740.5/1–3051: Telegram

The Ambassador in the United Kingdom (Gifford) to the Secretary of State


4190. Deptel 3539 January 27 [26]1 and Embtel 4171 January 29.2 At informal meeting in FonOff attended by Dixon, Makins, Hoyer-Millar, [Page 39] Shuckburgh, Baldwin, Achilles and Willius [ Willis ] British gave us official view opposing transfer NATO organizations to Paris. Dixon presented British position which he said had been agreed upon at Whitehall meeting January 21 attended by Dixon and Makins from FonOff, Hoyer-Millar, NAT deputy, Brook, secretary Cabinet, Sir Harold Parker from Ministry of Defense and Plowden for Treasury among others. Dixon pointed out collective view presented was that of high officials and should not be regarded as final position of HMO. However, if question of moving NAT agencies to Paris were formally raised position opposing could not be changed without submitting to ministers, which would in turn involve submission to Cabinet since position communicated to Perkins by Rowan3 last week had already been approved by Cabinet.

Dixon outlined two groups of objections to moving NAT organizations to Paris as follows: group one, those with political implications; and group two those which were operational in character.

Group one—objections with political implications:

Broad general effect would be to strengthen European concept at expense of Atlantic concept.
There would be danger that NATO would be absorbed into OEEC, and economic rather than defense considerations would predominate, whereas it was agreed that defense should be paramount.
Close cooperation between the US and the UK would be more difficult in Paris than in London. Close cooperation between these two countries is regarded as the heart and soul of NATO.
Commonwealth sympathy which is important can be better attained if organizations are in London and would doubtless be weakened by transfer to Paris. Makins interjected that statement was true in itself and that further link-up of NAT and OEEC would weaken appeal to Commonwealth as large portions of Commonwealth look askance at European organizations such as OEEC.
Security. It was generally agreed that the NATO security control as administered by UK is good. In Paris it would be in the hands of international staff and danger of Communist penetration would be greater. In fact penetration of Communists into organization would be almost inevitable. They recognized NATO material already subject to risk of Communist access in France but felt that risks would be far greater if organizations were located in France where, for example, all messengers would be French.

Group two—objections of an operational character:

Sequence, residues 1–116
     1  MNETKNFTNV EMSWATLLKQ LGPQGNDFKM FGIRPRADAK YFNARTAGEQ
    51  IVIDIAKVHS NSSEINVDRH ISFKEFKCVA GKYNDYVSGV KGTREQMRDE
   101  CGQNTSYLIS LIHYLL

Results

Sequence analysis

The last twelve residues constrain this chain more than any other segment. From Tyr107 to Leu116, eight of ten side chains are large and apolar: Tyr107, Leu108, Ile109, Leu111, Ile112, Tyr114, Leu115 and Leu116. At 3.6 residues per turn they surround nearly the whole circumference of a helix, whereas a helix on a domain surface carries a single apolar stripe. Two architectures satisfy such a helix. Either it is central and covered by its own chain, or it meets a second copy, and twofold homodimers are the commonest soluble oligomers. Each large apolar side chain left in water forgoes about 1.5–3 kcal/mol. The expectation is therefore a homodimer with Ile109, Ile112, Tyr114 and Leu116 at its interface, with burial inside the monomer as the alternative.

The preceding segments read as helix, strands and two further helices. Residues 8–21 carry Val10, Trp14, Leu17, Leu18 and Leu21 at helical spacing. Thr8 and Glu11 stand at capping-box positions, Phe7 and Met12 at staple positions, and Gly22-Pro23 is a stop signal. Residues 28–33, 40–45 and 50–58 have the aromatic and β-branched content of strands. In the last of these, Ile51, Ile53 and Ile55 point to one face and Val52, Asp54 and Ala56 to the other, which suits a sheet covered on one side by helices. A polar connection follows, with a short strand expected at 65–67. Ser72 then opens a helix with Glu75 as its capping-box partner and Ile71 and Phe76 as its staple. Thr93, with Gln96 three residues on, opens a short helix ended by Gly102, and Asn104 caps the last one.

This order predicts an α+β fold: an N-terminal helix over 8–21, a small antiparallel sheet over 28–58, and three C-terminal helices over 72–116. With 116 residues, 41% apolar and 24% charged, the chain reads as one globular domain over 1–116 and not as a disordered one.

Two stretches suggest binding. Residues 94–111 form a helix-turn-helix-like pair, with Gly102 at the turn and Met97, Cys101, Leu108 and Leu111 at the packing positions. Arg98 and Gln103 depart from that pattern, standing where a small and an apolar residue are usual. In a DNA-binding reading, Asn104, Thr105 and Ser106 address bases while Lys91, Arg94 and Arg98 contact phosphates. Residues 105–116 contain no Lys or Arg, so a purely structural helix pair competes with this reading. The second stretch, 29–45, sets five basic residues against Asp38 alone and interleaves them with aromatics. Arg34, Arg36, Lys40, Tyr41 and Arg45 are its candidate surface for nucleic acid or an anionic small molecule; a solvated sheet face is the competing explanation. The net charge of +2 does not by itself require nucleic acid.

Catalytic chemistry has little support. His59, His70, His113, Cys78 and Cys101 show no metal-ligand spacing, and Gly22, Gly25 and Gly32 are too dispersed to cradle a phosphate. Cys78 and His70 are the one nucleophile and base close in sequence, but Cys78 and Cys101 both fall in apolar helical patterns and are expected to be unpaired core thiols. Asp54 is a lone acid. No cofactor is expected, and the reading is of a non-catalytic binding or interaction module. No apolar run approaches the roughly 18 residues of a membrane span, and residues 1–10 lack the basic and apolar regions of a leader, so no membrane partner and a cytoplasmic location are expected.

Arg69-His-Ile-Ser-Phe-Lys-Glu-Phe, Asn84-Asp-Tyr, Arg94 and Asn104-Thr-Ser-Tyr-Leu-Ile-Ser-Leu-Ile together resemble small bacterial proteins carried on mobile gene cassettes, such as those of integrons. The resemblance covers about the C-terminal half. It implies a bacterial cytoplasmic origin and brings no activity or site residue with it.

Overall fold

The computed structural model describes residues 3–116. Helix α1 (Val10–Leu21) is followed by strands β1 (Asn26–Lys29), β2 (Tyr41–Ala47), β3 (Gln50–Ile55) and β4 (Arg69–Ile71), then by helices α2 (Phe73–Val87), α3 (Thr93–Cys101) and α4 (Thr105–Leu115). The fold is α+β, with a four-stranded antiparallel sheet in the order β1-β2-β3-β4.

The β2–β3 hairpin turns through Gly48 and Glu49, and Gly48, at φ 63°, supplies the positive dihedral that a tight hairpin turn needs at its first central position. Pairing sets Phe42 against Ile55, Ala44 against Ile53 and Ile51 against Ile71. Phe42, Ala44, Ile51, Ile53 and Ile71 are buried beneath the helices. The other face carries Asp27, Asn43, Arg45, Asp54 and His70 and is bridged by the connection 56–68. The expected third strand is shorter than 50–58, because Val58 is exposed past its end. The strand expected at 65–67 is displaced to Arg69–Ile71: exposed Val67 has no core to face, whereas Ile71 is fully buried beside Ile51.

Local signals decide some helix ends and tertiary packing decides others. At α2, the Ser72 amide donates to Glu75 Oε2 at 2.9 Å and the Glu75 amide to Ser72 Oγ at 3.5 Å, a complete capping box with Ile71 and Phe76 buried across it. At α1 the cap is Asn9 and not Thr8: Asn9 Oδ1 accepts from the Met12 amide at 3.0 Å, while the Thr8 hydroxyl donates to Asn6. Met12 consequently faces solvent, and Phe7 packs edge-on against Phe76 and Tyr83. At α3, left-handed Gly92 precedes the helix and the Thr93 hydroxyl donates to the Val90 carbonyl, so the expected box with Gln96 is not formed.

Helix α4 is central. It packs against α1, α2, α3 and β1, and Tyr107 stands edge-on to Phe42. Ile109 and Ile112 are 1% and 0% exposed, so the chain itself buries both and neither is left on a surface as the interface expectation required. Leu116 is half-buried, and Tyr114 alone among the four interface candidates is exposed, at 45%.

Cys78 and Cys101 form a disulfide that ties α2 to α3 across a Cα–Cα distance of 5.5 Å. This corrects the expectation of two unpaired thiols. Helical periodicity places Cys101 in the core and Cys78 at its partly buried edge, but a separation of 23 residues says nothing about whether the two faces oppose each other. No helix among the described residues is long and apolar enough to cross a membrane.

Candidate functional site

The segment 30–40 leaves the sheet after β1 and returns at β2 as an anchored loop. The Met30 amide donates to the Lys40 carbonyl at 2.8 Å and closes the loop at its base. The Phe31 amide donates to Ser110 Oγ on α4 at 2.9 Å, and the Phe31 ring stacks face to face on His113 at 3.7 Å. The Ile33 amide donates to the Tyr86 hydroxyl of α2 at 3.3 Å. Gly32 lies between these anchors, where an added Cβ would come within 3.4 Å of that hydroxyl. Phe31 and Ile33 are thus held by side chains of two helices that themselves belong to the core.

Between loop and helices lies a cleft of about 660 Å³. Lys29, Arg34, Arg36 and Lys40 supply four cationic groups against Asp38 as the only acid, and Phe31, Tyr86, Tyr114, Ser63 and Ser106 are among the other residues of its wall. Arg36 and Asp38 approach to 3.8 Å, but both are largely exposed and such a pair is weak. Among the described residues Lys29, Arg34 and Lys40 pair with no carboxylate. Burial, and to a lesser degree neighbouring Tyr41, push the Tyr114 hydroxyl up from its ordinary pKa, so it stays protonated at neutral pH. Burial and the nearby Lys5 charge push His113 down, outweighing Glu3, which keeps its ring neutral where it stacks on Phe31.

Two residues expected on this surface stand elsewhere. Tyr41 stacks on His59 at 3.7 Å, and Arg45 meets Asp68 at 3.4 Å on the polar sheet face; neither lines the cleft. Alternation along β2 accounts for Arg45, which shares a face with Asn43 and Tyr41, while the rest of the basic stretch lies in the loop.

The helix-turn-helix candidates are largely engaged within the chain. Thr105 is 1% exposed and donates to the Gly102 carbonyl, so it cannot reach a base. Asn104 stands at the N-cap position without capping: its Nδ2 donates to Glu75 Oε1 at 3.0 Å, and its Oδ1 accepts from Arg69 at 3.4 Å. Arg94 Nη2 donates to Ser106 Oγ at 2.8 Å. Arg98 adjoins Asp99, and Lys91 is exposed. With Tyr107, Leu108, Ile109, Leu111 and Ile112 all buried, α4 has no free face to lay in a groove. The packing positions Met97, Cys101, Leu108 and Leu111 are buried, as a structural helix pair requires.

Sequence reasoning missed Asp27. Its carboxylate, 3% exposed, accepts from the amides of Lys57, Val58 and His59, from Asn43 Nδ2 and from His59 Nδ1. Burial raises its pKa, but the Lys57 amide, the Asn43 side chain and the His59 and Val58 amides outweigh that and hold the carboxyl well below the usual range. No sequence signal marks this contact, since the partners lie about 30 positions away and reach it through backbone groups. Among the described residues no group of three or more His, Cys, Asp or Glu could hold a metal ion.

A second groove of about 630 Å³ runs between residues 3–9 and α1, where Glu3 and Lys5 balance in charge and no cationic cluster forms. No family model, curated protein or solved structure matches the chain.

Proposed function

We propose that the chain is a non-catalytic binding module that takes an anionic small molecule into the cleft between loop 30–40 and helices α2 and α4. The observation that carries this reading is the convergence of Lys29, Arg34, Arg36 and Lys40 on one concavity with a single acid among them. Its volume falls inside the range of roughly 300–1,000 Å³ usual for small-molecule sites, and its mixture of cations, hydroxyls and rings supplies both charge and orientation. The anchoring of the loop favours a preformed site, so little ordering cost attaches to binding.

Difficulties would not be solved merely by having NATO and OEEC side by side. It was admitted that there might be some gain from national point of view in merging delegations but that if there [Page 40] were no fusion of functions of two organizations the problems of differentiation of functions, overlapping and liaison would still remain. Certain advantages of having physical location of two organizations in separate cities were brought out in connection with the participation of those countries which do not belong to NATO and do not wish to be associated with its work such as Sweden and Switzerland.

Dixon stated objections had been listed in order of relative importance. Following presentation of British views above outlined, there was an extremely informal exploration of possibilities other than the moving of NATO operations to Paris. British indicated they had looked at possibility of moving OEEC to London and decided it was politically not practical and would undoubtedly evoke objections from OEEC members not members of NAT. In general British view appeared to be that problem of relationship between OEEC and NATO was one which was not ripe for solution, and that it would be preferable not to try to solve it for a few months but to test out existing working arrangements. Makins expressed personal view that question had been raised prematurely partly because of (a) “fuss over raw materials” and (b) feeling on the part of OEEC that it was going to lose some of its functions.

In reply to question whether there was any indication from Eisenhower as to whether he desired to have deputies in close proximity to SHAPE it was stated Embassy had no information on subject.4 British reiterated doubt Eisenhower would wish to be surrounded by NATO agencies since this would tend to involve him in questions from which he would otherwise be screened by standing group. British also inquired whether in the event that NAT organizations were moved from London to Paris US would also be in favor of having SG move to Paris. Embassy officers again indicated they had no information on this point.

Our estimate given in paragraph 6 Embtel 4171 that move would not have adverse effect on British public opinion is unchanged by views expressed at January 30 meeting.

  1. Supra.
  2. Not printed; it provided an Embassy estimate of the probable British attitude regarding the proposed transfer (740.5/1–2951).
  3. The communication referred to here has not been identified in the Department of State files.
  4. General Eisenhower’s views on the proposed move of the Council Deputies to Paris were briefly expressed by the Director of the Executive Secretariat, William J. McWilliams, in a memorandum to S/S, drafted by MacArthur and dated February 6. Eisenhower, the memorandum said, had indicated that he did not wish to take a position regarding the matter but thought the decision should be made on the basis of whether organizationally such a move would make sense. (740.5/2–651)